Ron's gentle touch wins babes, players
RON Hastie is a man who loves football. He also loves delivering babies and helping women breastfeed. Oh, and he used to be a bricklayer.
Ron, 48, is bald and stocky with a grey goatee beard and has travelled a long way from his original labouring trade.
He has been practising midwifery for more than 12 years and says working in what is traditionally considered to be a woman's role does not worry him.
Ron gets a lot of satisfaction from being a midwife.
"I could do this as long as I wanted and may well do. For me it's a career, it's a great job," he said.
Ron's other 'job', as a football trainer for the Tassie Devils football team, provides a welcome release from the intensity of the labour ward.
"I've always loved my footy. I can turn off completely from work and do something I really enjoy as well. Not that I don't enjoy work although some days it's stressful," he said.
Very few of the footballers know of Ron's occupation.
In 1979 Ron travelled overseas, working as a bricklayer and a barman in London and Cape Town before returning to Victoria in 1984.
It was while working as a bricklayer in a hippie commune that Ron encountered home birthing.
In the early 1980s Ron heard a program on the ABC's Radio National about Charles Le Boyer, a Frenchman who spoke of birth as a gentle process and advocated the use of soft lighting and bathing babies as soon as possible after birth.
"Gosh, that makes sense," Ron thought. "Just things you should do anyway."
In 1986 Ron sat an aptitude test for nursing.
"I had no great passion to become a nurse," he says. "I got drunk and flipped a coin, and thought, bugger it, I'll go for it." Ron's application was successful.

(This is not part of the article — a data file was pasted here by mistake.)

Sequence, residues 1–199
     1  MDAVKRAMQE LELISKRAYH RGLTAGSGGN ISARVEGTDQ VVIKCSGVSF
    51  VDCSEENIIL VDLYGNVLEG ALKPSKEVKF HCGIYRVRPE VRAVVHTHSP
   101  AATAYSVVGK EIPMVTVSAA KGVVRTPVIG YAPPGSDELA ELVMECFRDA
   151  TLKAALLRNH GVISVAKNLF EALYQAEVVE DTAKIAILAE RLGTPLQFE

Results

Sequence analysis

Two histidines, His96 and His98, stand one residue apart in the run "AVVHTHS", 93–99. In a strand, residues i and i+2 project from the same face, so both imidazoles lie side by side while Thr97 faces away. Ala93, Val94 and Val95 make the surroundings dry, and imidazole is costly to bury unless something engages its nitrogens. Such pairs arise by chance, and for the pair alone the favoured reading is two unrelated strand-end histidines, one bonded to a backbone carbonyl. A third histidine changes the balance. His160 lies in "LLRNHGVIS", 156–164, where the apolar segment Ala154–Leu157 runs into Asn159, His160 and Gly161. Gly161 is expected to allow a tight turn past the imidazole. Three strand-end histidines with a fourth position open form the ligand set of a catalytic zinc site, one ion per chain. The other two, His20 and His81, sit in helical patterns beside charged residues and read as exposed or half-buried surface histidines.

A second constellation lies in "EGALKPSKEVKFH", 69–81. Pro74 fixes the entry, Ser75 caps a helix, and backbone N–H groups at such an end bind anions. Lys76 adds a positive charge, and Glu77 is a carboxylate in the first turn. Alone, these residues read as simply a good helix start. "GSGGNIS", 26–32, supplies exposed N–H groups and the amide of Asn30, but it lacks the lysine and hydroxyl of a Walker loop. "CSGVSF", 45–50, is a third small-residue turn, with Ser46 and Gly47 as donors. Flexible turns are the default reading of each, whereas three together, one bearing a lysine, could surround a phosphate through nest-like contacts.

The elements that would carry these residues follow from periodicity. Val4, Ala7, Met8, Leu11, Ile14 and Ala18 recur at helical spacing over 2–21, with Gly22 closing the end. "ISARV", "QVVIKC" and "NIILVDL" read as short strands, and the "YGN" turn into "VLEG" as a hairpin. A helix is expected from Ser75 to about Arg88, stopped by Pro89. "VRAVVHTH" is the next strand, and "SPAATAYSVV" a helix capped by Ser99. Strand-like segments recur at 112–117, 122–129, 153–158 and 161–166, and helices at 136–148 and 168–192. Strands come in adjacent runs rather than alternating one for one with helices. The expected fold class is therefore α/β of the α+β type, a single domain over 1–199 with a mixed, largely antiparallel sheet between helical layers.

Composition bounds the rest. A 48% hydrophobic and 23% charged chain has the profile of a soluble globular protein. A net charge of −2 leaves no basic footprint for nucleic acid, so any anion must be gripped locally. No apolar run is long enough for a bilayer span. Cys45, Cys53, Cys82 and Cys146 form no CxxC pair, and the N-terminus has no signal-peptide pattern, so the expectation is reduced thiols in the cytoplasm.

He was surprised to find he actually enjoyed the course.
Ron doesn't recall any prejudice against him as a male or as a mature age student during his nursing education.
"It's probably an advantage on both counts. Male, because the way society is set up, males are respected more," he said. "If I ring up and want results on the phone they immediately assume you're a doctor.
"They also know you've done some miles. I was in my mid-30s [as a student] so they know you're not straight out of school so you've got some life skills. I was well in front there."
Ron graduated as a registered nurse in 1990 and married Sue, a teacher, in 1991.
He began midwifery training and became a registered midwife in 1992.
In 1995, after a working holiday in outback Australia, the couple settled in Tasmania.
As a midwife, Ron receives nothing but positive feedback from the women he cares for at the Royal Hobart Hospital.
"It comes from treating people as well as you would like your wife, your sister or your mother treated, which is to be treated well," he said.
"Treated gently, treated with understanding, and treated as an individual."
Midwifery has been good to Ron and, according to his colleagues and many clients in Hobart, Ron has been good for midwifery.